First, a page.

First of all, I think its amazing and a testament to how brilliant and grace-filled St. Francis was that he just gets this whole pregnancy thing. As a man, a priest, and someone living way back in a time without What to Expect When You're Expecting it blows me away that he understands so well the emotional upheaval and just plain old toughness of pregnancy. Describing the heaviness of pregnancy is so spot-on, at least for me. Heaviness applies to not only my emotional outlook right now, but most definitely spiritually. I've struggled each pregnancy to varying degrees with this, and I'm sure most women do. To be understood by a man with such wisdom feels so validating and supportive somehow. I don't think even our husbands fully grasp this concept and I know my husband listens to me whine day in, day out, so for a priest to be so finely attuned to a woman's emotions and spiritual struggles is beautiful. 

Secondly, I love how he acknowledges that such an important work, i.e. growing a baby!, is a good enough excuse to not feel happy go lucky, or spiritually "glowing" so to speak. Pregnancy is a burden, it is wearying, it is physically draining. The advice to "suffer lovingly this lassitude and heaviness" pierces to the core of the sacrifice of pregnancy, I believe. This week I've struggled especially, and felt generally miserable due to the constant lack of energy, the stresses of responsibilities, the anxiety of impending birth, coupled with how seemingly endless this all feels. It is hard to suffer lovingly. It is hard to suffer lovingly when all you want to do is be the opposite of how you currently feel. I'm not sure exactly what suffer lovingly means for me. I think it means to keep going as best I can without so many extra expectations placed upon myself to keep up to my usual standards.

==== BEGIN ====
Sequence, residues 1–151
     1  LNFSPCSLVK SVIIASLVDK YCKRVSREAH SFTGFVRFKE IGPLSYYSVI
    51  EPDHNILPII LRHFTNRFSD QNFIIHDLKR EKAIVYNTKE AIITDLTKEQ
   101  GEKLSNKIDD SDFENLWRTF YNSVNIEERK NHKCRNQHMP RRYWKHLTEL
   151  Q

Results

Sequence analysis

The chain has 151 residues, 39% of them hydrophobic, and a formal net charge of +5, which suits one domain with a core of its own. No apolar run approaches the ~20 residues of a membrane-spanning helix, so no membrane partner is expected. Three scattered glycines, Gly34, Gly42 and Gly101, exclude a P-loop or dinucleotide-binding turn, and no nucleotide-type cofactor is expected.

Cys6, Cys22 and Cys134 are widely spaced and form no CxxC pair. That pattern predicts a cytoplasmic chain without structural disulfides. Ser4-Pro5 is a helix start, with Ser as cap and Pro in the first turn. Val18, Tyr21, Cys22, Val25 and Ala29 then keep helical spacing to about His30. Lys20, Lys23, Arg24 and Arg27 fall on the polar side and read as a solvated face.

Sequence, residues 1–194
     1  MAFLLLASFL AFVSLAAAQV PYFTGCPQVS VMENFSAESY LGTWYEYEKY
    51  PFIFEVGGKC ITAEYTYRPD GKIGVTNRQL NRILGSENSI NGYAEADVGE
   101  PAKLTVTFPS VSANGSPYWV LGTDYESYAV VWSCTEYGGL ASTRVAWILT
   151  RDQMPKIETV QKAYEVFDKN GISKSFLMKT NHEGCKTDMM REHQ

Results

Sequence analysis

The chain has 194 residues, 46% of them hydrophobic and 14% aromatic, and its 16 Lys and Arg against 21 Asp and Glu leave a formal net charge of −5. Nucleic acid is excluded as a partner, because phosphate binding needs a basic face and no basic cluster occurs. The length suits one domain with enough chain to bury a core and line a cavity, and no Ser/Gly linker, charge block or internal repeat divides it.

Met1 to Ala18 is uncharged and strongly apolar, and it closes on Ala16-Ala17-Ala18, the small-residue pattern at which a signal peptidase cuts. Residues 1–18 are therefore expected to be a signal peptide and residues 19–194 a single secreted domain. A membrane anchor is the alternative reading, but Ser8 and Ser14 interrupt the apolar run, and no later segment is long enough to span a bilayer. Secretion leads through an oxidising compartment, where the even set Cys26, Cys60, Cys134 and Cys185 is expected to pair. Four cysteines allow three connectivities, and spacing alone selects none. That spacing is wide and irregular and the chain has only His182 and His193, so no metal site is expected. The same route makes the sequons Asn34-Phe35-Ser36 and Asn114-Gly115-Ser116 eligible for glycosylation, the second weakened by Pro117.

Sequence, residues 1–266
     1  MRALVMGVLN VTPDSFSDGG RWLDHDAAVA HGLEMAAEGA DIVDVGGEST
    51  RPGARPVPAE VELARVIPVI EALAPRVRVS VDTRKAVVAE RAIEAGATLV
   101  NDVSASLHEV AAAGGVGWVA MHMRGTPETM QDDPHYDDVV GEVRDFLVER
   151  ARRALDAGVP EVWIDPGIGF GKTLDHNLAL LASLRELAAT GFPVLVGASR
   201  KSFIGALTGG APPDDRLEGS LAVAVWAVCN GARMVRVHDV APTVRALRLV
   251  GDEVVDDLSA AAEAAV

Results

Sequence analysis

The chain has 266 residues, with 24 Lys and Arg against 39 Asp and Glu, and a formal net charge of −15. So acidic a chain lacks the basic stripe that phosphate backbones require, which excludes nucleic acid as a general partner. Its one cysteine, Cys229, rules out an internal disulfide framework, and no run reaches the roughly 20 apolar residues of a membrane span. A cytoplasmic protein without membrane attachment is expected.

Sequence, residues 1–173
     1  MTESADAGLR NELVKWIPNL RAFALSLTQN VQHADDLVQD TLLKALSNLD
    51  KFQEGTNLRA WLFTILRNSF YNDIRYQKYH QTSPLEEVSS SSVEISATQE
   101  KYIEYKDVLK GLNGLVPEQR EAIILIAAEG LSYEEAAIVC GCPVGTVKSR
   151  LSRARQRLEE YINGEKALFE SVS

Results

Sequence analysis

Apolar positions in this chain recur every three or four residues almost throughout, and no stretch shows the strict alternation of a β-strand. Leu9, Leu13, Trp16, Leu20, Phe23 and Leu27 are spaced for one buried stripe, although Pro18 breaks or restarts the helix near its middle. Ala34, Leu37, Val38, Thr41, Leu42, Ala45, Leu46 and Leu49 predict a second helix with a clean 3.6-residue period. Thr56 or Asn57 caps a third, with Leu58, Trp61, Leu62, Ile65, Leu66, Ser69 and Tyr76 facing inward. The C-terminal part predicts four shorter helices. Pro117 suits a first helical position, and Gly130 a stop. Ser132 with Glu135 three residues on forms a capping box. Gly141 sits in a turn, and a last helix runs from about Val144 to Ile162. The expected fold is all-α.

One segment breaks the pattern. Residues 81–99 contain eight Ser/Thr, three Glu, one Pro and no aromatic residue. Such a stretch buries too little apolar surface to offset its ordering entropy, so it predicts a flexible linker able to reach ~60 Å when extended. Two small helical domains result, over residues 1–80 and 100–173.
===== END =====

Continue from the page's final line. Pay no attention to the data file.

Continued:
Third and last point I promise, that whole section of "your image that will be placed in the eternal temple of the heavenly Jerusalem" is pretty crazy stuff. Crazy as is you can't really believe it because it seems to amazing. Eternally regarded with pleasure by God?! Saints will praise God for it?!? I mean, this concept is just staggering to think about. Work I'm doing...eternal honor and regard in heaven...yep...those are pretty crazy truths to reconcile to a human mind. But I believe in St. Francis's insight into the spiritual life and its reality. I think he knows what he's talking about here, and if so, then that is the most incentive you will ever have in doing something that's difficult.

I guess there is something to all this talk about St. Francis being one of the greatest spiritual directors the Church has ever had...




1 comment:

  1. Wow. Where was all this when I was whining through my last pregnancy? I'll have to look this book up and give it as a shower gift. I just want to know if I'm allowed to be lassitude (lassituded? lassitudy?) even when I'm not pregnant.
    Thanks for getting off the couch to post this.